Bk XI:593-640 Odysseus sees him tormented in Hades.
A range of mountains in Lycia in Asia Minor.
Bk V:262-312 Poseidon sees Odysseus from there.
The chief city of Laconia on the River Eurotas, in the southern Peloponnese, also called Lacadaemon. The home of Menelaus and Helen.
Bk I:44-95 Bk I:252-305 Athene proposes to send Telemachus there for news of his father.
Bk II:177-223 Bk II:296-336 Bk II:337-381 Telemachus proposes to travel there.
Bk IV:1-58 Alector’s city.
Bk V:1-42 Bk XVII:107-165 Telemachus travels home from there via Pylos.
Bk XI:385-464 Agamemnon’s ghost asks if his son is perhaps still alive there.
Bk XIII:366-415 Athene proposes to summon Telemachus home from there.
A son of Nestor.
Bk III:404-463 He helps his father with the sacrifice.
A river of the underworld, with its lakes and pools, used to mean the underworld or the state of death itself.
Bk V:148-191 The gods swear on it, as their form of binding oath.
The suitors for the hand of Penelope, lords of the lands neighbouring on Ithaca.
Bk I:44-95 They are consuming Odysseus’ flocks and cattle.
Bk I:96-155 They abuse Telemachus’ hospitality.
Bk I:252-305 Athene suggests Telemachus disperses them.
Bk I:325-364 Penelope shows herself among them.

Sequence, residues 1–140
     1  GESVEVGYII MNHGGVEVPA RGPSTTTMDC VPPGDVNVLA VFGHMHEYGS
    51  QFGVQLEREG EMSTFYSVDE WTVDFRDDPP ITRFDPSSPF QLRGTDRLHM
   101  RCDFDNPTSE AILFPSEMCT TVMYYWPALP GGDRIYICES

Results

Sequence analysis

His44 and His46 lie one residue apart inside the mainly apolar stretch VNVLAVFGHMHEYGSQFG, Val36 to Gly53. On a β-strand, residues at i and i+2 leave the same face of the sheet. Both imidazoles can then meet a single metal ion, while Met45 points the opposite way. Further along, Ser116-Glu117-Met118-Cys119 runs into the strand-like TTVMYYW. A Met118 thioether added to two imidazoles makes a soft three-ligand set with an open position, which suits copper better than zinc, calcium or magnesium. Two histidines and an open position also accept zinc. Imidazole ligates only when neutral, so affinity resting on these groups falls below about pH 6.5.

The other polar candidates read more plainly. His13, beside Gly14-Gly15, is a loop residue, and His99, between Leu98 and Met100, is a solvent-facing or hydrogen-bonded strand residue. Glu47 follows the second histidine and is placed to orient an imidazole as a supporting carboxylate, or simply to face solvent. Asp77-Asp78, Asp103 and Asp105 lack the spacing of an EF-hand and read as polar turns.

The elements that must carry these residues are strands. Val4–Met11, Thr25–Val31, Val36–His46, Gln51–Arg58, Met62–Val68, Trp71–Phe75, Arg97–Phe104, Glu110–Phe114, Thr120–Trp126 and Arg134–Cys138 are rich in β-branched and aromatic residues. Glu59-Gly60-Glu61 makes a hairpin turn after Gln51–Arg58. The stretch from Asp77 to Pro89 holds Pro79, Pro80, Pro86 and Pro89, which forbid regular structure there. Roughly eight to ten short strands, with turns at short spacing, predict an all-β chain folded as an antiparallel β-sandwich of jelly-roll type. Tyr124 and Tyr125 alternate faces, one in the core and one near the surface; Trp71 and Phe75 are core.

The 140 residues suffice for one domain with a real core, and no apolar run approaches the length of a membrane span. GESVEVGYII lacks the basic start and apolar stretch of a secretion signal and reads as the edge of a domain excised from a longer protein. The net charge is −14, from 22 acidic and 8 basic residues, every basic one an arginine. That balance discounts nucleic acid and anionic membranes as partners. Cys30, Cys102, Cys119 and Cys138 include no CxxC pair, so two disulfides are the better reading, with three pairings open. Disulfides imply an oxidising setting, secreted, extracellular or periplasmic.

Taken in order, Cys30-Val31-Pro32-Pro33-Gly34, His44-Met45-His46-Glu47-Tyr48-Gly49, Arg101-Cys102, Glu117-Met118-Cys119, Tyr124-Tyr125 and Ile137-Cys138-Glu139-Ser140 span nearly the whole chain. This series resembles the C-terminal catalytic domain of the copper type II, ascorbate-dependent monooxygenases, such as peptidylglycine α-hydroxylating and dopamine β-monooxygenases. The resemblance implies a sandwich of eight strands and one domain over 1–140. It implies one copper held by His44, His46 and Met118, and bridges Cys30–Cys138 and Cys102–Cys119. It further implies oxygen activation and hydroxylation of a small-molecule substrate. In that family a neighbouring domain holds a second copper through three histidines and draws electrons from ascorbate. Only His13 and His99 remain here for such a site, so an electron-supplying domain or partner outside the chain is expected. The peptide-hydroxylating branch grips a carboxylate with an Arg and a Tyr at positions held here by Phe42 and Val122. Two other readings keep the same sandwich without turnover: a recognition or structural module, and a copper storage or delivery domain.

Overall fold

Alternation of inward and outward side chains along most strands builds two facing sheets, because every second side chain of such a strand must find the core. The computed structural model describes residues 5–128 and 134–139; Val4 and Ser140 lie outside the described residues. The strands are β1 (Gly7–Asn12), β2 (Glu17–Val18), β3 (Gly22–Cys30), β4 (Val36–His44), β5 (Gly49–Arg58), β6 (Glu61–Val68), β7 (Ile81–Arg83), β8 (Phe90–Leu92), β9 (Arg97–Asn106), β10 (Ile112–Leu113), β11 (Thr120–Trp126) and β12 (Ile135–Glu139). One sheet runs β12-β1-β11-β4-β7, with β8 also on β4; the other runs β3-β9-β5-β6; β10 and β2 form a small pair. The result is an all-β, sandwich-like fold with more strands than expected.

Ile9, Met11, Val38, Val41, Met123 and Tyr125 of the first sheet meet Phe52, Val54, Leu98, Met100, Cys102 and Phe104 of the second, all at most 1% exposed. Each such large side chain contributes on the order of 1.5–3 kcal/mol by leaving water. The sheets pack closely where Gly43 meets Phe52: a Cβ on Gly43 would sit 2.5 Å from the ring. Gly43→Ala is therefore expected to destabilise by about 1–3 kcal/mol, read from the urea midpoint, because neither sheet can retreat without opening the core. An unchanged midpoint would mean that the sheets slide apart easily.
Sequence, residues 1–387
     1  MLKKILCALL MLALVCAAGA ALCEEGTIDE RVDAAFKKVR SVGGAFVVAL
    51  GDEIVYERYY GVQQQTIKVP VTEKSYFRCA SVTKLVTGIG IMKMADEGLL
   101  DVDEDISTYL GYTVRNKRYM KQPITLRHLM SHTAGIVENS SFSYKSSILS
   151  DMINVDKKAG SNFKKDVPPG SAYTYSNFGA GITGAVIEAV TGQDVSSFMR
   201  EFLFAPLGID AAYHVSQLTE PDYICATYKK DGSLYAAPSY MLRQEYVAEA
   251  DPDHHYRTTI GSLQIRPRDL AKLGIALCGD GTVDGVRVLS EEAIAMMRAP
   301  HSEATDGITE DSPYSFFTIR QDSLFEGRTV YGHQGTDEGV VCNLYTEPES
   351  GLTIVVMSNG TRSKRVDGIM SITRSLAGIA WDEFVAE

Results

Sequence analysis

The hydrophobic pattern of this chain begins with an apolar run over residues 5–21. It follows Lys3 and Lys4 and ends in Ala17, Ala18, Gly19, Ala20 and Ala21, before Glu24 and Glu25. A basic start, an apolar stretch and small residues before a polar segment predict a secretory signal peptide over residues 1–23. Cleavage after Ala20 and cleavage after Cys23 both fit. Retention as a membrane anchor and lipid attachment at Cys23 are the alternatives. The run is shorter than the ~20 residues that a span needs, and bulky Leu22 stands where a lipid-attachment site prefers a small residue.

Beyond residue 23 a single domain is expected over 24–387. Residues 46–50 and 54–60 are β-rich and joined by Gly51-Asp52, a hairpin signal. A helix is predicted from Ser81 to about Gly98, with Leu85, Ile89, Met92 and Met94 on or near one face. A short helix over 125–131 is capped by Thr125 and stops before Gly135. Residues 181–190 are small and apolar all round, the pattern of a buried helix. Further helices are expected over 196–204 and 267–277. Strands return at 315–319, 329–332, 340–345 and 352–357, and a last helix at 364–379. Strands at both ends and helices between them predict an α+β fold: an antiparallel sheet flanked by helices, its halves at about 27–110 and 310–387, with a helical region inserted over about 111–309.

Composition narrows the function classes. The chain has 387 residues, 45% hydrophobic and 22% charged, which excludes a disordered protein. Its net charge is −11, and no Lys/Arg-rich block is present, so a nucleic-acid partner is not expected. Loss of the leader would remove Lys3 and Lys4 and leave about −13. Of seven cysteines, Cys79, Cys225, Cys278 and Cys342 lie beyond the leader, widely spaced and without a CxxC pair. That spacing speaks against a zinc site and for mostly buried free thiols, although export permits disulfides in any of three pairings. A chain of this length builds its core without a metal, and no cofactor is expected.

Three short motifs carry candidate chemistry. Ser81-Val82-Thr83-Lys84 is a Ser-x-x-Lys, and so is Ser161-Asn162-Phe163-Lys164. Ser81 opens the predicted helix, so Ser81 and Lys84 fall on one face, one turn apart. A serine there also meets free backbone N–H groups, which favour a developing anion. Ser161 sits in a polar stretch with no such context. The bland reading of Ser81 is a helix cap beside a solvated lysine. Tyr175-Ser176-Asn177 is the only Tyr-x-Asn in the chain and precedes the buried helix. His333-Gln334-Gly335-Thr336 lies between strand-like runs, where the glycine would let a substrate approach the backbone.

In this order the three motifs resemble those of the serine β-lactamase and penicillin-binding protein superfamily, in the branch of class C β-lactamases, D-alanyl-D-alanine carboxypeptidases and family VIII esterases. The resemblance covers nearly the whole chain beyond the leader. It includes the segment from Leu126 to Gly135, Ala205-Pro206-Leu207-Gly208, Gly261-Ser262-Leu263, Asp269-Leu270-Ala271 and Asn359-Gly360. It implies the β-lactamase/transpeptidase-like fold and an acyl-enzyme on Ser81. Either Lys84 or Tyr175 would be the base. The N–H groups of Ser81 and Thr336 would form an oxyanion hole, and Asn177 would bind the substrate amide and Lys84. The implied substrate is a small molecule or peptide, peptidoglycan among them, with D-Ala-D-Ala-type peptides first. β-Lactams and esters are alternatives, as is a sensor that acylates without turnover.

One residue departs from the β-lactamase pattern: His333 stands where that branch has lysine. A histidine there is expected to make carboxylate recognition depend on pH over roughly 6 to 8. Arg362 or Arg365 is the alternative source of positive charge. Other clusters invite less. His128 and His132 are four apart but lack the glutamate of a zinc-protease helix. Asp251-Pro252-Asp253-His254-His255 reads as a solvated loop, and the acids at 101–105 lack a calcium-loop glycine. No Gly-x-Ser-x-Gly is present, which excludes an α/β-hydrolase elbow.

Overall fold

Bk I:365-420 They wish to bed Penelope. Telemachus explains that he wants them to leave.
Bk II:1-34 Eurynomus is one of them.
Bk II:35-84 Telemachus states his case against them.
Bk II:85-128 Antinous represents them. Penelope has deceived them.
Bk II:129-176 Halitherses prophesies their downfall.
Bk II:177-223 Eurymachus defends their position.
Bk II:260-295 Telemachus complains of their obstructing his journey.
Bk II:296-336 They mock and jeer at Telemachus.
Bk II:337-381 Telemachus prepares to leave despite their obstructing him.
Bk II:382-434 Athene makes the Suitors drowsy so they are unaware of Telemachus’ departure.
Bk III:201-252 Telemachus complains of them to Nestor.
Bk IV:290-350 Menelaus condemns their behaviour, and prophesies their doom.
Bk IV:625-674 Bk IV:721-766 Bk IV:767-794 Bk IV:795-847 They plot to waylay Telemachus as he sails home.
Bk V:1-42 Zeus tells Athene to thwart their plot.
Bk XI:90-149 Teiresias prophesies that Odysseus will kill them.
Bk XIII:159-215 Athene intends that they will be punished.
Bk XIII:366-415 Bk XIII:416-440 Athene and Odysseus plan the Suitors’ deaths.